Olympic Pride

Torch Bearer Niresha Umaichelvam on why she’ll never stop helping others


Posted: 20.07.12

Finding out I was selected to carry the torch was a moment I will never forget, second only to the moment I finally had it in my hands, and carried the flame through the streets of Crowborough. I am a 19 years old student from Cheam in Surrey and one of the few British Sri Lankans that was selected to bear the great 2012 Olympic Flame of London.

Torch Bearers are ‘nominated’ and I got mine for the work I do for various charities. My ethos in life is that we should always try and give back to our community and since the age of 15 I have tried to live up to my words. It started with volunteering at my local charity shop, I did that every Saturday morning and as well as getting to know all the regular customers and helping run the store, I assisted my manager to fundraise for special occasions such as Valentine’s Day and Christmas.

Alongside this, I also visited an elderly home every Saturday after my shift, where I would serve tea and play games with the more energetic residents. During this time, I met some truly inspiring people. One afternoon a home care assistant introduced me to a special gentleman in his nineties who told me some incredible stories. He was a veteran of WWI where he was a sergeant for the Navy. During the war, he also was an undertaker and he fascinated me with his amazing tales of how he would wait on London Bridge for planes to deliver dead British soldiers to be taken to the mass crematorium.

One story I’ll never forget was one night, in his early twenties, he had to watch corpses burn at night and he saw one sitting up at the table; it made him run out in fear! We also shared many jokes and I was nicknamed ‘Duckie’ as he believed that it suited my ‘heart warming personality’. I was lucky enough to meet his entire family and on his passing, I they told me that he would quickly gobble down his breakfast on a Saturday morning and steal a few extra sweet treats from the table for me, then run to his room so he could groom up ready for his 11:30am visit from ‘his Duckie’. I feel so honoured that he kept me so close to his heart, especially in his last stages, where on his bookshelf a picture of him and I, that I framed for him, was all that remained. He will always be an important figure in my life. He taught me several life lessons and was very much like a grandfather to me.

After than I continued my charity work by taking part in Race For Life to raise money for Cancer Research and slept ‘rough’ for a charity dedicated to the homeless which entailed a night in a cardboard box in the basement of our school with no heating to shield us from December’s cold gusts of wind and only a cold cup of soup for dinner. It was such an eye opening experiences and made me want to participate in other charity work to help people less fortunate than me.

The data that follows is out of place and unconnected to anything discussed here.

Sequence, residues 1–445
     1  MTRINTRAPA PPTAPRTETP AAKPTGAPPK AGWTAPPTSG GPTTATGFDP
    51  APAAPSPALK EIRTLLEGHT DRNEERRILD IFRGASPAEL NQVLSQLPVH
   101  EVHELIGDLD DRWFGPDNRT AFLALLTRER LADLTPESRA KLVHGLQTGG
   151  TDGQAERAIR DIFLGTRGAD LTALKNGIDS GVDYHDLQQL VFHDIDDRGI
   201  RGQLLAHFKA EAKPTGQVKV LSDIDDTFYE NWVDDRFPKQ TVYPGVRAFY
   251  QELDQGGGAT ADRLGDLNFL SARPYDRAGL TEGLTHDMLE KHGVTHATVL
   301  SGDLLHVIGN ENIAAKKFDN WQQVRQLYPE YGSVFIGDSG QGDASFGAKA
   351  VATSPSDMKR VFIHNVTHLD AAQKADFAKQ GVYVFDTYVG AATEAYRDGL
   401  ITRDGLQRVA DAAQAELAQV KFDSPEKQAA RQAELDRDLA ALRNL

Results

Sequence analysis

Whilst studying for my A levels, I used my time on a Wednesday afternoons to teach English to 12-13 year old girls who had a language barrier and who classed English as their second language. This helped me engage and reach out to younger students and many of them looked up to me as a friend and a role model, often approaching me for advice.

I also take part annually in a summer scheme for children with special needs escorting them on exciting days out to amusement parks and local farms, as well as staying indoors and playing games, engaging in art and craft or just talking and spending time with them. I do this for one to two weeks every year and I really look forward to it during my summer holidays. Last year a parent even bought me chocolates to thank me for giving her son an amazing week. It was very rewarding to hear that I could have such an impact on a young person’s life. I also make it a point to pay a visit to a care home for children and young adults of different abilities in Sri Lanka whenever I visit my grandparents.

Now in my first year at University, I am still trying to engage in charity work whilst juggling a more intense workload and a part time job. I was elected as the Fundraising Secretary of the Law Society, and I helped with the organising and running of RAG (Raising and Giving) Week at university, where we chose to support a children’s hospital and a charity that provides legal aid to those who cannot afford it. This huge responsibility ranged from street fundraising around my university to organising events for students and approaching different departments and lecturers to get them to help. The experience of organising RAG week for over 21,000 students is something I’ve very proud of as we raised tremendous amounts of funds for both charities.

My commitment to charity will never stop growing and I hope it continues to flourish and impact on someone, somewhere, be it big or small. As well as carrying the Olympic Flame I am participating in the opening ceremony of the Paralympic Games, as a dancer, which I consider to the ‘icing on the cake’.

This year has been one of the most exciting of my life. I feel so lucky and proud of my achievements and hope my story will encourage other young people so do what they can for charity, especially over the summer holidays when lot of them complain they have nothing to do! This is your opportunity to make a difference – so go for it!


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